Feeds

Big Blue red-faced over Congestion charge crash

First day fumble of new systems

High performance access to file storage

Things did not go entirely smoothly for IBM on its first day in control of Transport for London's Congestion Charge systems yesterday.

Capita set up the system and ran it for five years before TfL handed the contract to IBM in October 2007. Some staff were moved across and new systems put in place.

But sources told The Register on the morning of the first day that the system had not been live tested and staff were overrun with complaints.

A TfL spokeswoman said: “We apologise to customers for any problems they are experiencing since the transfer of systems to our new contractor this weekend. There have been some issues with accessing the online Congestion Charging payment accounts this morning, which the contractor is working to resolve as soon as possible.

"Customers should be assured that we are making arrangements so that no one will be penalised as a result of any problems today."

Error messages on the website warned people that there were "intermittent problems". But our insider complained that the transfer was not properly planned and problems were therefore inevitable. They said it was possible the system could send out penalty charge notices incorrectly because either people could not pay or the system would fail to record payments.

But TfL, which admitted there had been a high volume of calls to its help and payment lines, insisted that any teething problems would be fixed within 48 hours.

People needing to pay the congestion charge were advised not to use their existing registered accounts but should instead pay without registering. You can also pay via the call centre, or local shop, until midnight tomorrow without getting fined.

If any Register readers had problems with the system yesterday, please let us know via comments, or email me directly by clicking on the byline at the top of this story. ®

High performance access to file storage

More from The Register

next story
Android engineer: We DIDN'T copy Apple OR follow Samsung's orders
Veep testifies for Samsung during Apple patent trial
One year on: diplomatic fail as Chinese APT gangs get back to work
Mandiant says past 12 months shows Beijing won't call off its hackers
Big Content goes after Kim Dotcom
Six studios sling sueballs at dead download destination
Alphadex fires back at British Gas with overcharging allegation
Brit colo outfit says it paid for 347KVA, has been charged for 1940KVA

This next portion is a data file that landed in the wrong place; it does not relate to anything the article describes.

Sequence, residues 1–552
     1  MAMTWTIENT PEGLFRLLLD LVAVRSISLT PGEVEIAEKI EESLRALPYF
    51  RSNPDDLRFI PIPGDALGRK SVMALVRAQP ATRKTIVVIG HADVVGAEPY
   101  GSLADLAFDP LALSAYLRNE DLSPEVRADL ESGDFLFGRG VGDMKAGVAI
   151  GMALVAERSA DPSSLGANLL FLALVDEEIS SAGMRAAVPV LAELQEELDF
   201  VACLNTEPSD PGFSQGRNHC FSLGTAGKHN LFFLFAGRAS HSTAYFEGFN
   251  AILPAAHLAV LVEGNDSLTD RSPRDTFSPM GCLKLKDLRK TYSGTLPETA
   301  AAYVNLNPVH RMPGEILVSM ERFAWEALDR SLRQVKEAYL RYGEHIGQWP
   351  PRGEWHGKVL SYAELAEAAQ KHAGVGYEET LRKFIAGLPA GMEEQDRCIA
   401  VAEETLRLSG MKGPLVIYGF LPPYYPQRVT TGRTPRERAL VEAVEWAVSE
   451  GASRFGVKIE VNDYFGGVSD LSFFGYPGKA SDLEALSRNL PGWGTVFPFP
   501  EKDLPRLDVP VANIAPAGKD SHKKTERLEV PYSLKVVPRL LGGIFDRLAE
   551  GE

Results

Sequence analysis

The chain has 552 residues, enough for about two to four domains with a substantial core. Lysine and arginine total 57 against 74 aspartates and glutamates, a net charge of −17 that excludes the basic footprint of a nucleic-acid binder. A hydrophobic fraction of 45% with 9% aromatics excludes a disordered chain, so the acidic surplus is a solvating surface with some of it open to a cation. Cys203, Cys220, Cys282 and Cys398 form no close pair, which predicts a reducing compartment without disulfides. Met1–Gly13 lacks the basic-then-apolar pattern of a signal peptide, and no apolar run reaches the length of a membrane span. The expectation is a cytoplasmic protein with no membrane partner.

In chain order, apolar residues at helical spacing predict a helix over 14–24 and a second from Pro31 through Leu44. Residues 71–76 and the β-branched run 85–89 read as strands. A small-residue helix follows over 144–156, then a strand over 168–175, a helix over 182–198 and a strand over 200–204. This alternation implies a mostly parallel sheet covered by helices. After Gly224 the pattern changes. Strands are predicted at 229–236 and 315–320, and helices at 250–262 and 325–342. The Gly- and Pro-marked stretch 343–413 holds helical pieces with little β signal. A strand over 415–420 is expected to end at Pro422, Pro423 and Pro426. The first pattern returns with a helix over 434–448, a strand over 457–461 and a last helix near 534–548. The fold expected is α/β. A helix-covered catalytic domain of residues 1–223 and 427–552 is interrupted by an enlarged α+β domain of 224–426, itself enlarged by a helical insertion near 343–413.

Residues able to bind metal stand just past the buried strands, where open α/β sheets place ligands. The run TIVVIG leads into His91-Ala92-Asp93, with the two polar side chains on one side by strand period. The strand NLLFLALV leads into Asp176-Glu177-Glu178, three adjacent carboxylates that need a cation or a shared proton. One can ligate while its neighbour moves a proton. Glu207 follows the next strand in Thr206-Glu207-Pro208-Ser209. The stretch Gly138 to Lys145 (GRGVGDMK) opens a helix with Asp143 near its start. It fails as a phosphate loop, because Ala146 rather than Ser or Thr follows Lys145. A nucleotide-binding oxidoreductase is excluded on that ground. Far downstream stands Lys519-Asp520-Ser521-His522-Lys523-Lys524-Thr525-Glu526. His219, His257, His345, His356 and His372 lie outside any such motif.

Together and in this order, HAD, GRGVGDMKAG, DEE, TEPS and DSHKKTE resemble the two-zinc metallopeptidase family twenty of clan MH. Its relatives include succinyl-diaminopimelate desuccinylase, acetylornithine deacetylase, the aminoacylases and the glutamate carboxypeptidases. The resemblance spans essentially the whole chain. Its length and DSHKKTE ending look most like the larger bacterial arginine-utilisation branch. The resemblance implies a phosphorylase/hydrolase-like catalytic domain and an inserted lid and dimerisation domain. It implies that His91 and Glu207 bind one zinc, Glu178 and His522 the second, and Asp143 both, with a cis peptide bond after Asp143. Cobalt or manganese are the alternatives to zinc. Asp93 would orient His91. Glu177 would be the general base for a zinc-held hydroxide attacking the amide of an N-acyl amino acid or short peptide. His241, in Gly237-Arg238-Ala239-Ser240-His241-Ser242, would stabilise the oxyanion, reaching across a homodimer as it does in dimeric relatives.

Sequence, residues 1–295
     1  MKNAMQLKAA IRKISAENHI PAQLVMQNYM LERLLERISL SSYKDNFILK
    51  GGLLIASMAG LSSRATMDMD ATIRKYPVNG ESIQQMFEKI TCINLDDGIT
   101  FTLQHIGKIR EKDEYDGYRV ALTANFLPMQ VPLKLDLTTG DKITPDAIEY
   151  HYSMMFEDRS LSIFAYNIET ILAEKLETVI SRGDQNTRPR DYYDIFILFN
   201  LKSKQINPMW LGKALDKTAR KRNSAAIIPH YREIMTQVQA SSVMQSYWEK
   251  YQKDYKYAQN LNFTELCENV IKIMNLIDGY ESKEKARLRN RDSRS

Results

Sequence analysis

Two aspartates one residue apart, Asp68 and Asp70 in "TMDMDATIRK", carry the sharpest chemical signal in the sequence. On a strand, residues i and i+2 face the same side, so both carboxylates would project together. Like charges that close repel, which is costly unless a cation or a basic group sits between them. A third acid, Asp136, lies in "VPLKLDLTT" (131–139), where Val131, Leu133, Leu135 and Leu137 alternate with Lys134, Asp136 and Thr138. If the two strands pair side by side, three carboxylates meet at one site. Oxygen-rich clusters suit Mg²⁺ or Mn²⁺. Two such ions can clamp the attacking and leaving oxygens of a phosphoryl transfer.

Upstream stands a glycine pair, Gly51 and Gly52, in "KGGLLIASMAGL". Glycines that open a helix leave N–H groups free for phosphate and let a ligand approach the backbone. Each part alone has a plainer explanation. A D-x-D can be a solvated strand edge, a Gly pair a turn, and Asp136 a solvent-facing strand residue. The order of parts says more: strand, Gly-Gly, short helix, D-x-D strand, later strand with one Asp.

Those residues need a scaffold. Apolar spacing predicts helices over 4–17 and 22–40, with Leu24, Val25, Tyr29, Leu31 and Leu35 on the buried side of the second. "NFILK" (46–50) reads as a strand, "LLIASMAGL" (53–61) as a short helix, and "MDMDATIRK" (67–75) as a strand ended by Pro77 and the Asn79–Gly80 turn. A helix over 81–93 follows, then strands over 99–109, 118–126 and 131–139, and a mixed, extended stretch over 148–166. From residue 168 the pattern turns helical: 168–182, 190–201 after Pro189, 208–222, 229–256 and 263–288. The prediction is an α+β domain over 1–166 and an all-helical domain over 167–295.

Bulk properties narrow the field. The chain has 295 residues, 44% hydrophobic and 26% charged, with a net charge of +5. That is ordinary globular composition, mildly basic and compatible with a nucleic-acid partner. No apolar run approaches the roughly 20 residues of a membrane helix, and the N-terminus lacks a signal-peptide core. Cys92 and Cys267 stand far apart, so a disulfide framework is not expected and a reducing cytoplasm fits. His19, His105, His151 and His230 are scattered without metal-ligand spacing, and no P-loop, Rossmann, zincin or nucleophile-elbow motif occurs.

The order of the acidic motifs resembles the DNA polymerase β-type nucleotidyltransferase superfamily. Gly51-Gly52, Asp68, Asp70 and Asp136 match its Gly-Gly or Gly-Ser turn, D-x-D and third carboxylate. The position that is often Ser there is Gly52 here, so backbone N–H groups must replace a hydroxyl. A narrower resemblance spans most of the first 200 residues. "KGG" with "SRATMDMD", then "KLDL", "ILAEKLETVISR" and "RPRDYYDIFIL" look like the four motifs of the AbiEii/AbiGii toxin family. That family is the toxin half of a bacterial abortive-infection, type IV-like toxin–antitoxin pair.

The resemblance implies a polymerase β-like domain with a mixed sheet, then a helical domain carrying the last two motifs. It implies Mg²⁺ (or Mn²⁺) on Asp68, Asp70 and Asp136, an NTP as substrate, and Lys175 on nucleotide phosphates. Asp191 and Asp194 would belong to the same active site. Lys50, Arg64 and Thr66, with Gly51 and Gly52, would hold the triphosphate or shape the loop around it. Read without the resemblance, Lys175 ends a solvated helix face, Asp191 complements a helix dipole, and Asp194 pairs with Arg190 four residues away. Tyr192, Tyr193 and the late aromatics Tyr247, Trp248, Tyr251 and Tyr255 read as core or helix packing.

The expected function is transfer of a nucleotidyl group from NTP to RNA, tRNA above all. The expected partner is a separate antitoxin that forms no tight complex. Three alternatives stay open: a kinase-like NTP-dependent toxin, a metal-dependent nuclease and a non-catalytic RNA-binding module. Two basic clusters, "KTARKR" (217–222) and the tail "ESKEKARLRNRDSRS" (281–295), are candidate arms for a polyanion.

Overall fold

Jack the RIPA: Blighty cops ignore law, retain innocents' comms data
Prime minister: Nothing to see here, go about your business
Singapore decides 'three strikes' laws are too intrusive
When even a prurient island nation thinks an idea is dodgy it has problems
Banks slap Olympus with £160 MEEELLION lawsuit
Scandal hit camera maker just can't shake off its past
France bans managers from contacting workers outside business hours
«Email? Mais non ... il est plus tard que six heures du soir!»
Reprieve for Weev: Court disowns AT&T hacker's conviction
Appeals court strikes down landmark sentence
US taxman blows Win XP deadline, must now spend millions on custom support
Gov't IT likened to 'a Model T with a lot of things on top of it'
prev story

Whitepapers

Mainstay ROI - Does application security pay?
In this whitepaper learn how you and your enterprise might benefit from better software security.
Five 3D headsets to be won!
We were so impressed by the Durovis Dive headset we’ve asked the company to give some away to Reg readers.
3 Big data security analytics techniques
Applying these Big Data security analytics techniques can help you make your business safer by detecting attacks early, before significant damage is done.
The benefits of software based PBX
Why you should break free from your proprietary PBX and how to leverage your existing server hardware.
Mobile application security study
Download this report to see the alarming realities regarding the sheer number of applications vulnerable to attack, as well as the most common and easily addressable vulnerability errors.